Session 6 # Summary and Takeaways

The Great Wall of Facebook

The fundamental conflict of the article lies in the comparison of the advertising products offered by the two companies.  Google’s product, targeted text ads, is the single most successful product on the Internet.  The tiny, unobstructive ads have fueled Google’s dominance in multiple markets; today, 90% of Google’s revenue comes from Adsense.  Facebook’s product is nascent – it is the concept that advertising works better when it is socially mediated.  That is, we are more likely to click on ads, content, and links when the content is funneled through our friends.  This theory is sensible, but to date, Facebook’s concept remains vaporware, with a majority of their revenue coming through traditional targeted text and banner campaigns.

 

The Rise of Crowdsourcing

This article provided an introduction to crowdsourcing through definitions established by its pioneers and illustrated through a collection of case examples. Crowdsourcing can be explained through a theory of crowd wisdom, an exercise of collective intelligence, but we should remain critical of the model for what it might do to people and how it may reinstitute long-standing mechanisms of oppression through new discourses. Crowdsourcing is not just another buzzword, not another meme. It is not just a repackaging of open source philosophy for capitalist ends either. It is a model capable of aggregating talent, leveraging ingenuity while reducing the costs and time formerly needed to solve problems. Finally, crowdsourcing is enabled only through the technology of the web, which is a creative mode of user interactivity, not merely a medium between messages and people. Because of this, it is now the challenge of communication studies, science and technology studies, and other scholars to take up this new, hearty agenda for research.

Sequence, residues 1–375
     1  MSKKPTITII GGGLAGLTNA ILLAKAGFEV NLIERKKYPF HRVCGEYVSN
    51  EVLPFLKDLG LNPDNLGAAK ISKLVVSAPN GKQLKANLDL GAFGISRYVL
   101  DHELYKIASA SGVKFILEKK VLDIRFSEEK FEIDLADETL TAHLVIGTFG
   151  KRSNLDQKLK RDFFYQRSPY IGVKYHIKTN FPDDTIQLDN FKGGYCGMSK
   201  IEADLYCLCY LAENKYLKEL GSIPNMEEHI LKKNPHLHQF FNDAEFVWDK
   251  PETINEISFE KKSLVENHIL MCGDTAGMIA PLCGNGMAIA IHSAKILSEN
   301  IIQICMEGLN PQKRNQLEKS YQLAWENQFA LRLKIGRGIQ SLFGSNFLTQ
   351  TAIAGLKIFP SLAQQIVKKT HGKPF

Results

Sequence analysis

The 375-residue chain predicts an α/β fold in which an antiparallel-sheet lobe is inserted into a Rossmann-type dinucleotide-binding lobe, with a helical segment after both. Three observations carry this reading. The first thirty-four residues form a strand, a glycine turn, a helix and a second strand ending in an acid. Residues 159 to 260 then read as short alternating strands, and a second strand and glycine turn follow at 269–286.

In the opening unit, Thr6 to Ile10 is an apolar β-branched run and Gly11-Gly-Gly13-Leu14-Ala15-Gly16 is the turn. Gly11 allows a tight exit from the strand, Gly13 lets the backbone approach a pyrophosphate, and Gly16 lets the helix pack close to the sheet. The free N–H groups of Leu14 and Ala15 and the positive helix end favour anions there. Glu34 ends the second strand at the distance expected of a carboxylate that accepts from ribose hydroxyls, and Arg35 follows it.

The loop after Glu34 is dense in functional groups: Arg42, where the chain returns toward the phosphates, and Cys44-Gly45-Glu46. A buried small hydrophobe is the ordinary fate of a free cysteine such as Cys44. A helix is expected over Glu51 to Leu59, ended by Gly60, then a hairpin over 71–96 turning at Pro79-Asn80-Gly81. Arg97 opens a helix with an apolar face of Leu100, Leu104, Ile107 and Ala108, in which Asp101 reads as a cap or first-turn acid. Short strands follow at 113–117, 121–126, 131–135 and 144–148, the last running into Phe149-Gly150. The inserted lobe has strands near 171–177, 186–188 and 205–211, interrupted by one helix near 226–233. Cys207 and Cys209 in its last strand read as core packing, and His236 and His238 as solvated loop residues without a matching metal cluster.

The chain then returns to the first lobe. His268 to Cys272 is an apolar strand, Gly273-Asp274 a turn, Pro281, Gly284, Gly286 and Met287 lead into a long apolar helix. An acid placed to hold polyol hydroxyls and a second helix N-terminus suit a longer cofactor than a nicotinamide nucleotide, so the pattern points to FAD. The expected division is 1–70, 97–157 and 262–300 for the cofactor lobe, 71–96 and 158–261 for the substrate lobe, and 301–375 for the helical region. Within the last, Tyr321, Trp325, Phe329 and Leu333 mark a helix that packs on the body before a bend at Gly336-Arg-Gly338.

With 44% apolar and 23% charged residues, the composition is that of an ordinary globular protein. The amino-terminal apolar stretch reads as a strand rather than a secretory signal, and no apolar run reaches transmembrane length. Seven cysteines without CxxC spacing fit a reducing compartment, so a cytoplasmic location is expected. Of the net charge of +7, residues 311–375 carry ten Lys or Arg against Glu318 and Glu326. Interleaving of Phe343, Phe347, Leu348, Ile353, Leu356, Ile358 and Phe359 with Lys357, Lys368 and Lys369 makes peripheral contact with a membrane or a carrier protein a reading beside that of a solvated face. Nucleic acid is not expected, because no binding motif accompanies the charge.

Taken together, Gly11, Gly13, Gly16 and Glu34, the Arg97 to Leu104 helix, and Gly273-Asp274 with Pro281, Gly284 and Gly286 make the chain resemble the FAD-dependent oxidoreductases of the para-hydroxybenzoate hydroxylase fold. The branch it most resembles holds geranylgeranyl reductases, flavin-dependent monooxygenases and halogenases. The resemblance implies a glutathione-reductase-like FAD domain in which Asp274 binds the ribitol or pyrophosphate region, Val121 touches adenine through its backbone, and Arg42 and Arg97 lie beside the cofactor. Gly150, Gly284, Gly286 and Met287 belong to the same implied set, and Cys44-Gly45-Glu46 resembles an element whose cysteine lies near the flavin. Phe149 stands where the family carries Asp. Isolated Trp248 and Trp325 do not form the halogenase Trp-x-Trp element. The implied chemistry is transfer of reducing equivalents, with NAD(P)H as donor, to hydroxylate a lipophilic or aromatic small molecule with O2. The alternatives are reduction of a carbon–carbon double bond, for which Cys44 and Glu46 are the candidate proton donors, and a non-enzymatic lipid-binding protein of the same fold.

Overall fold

Connecting for Success

The presentation showed lessons learned from a heritage of deploying collaboration solutions within the enterprise. For centralized destination, it’s found that users resists mandates, customization is important, and less is more. For lightweight document sharing, email and PowerPoint are dominant working tools – online is an added step. Enterprise search is not the same as internet search, and teams did not collaborate across boundaries due to silos. In self publishing, sensitive information sharing is a challenge. Culture is more important than technology.

 

Rebooting the Antisocial Network

The research shows that business-oriented social networking platforms aren’t living up to their promise of better communication, collaboration and productivity, even though IT has these tools in place. For example, 61% have run team or company wikis for over a year; 29% have had these systems in place for three years or more. Most, 65%, host these systems internally.

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